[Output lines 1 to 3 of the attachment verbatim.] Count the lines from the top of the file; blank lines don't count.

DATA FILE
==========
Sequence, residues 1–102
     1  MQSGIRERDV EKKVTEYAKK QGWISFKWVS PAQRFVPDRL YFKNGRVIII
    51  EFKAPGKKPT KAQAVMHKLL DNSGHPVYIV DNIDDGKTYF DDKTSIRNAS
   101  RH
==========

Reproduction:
Sequence, residues 1–102
     1  MQSGIRERDV EKKVTEYAKK QGWISFKWVS PAQRFVPDRL YFKNGRVIII
    51  EFKAPGKKPT KAQAVMHKLL DNSGHPVYIV DNIDDGKTYF DDKTSIRNAS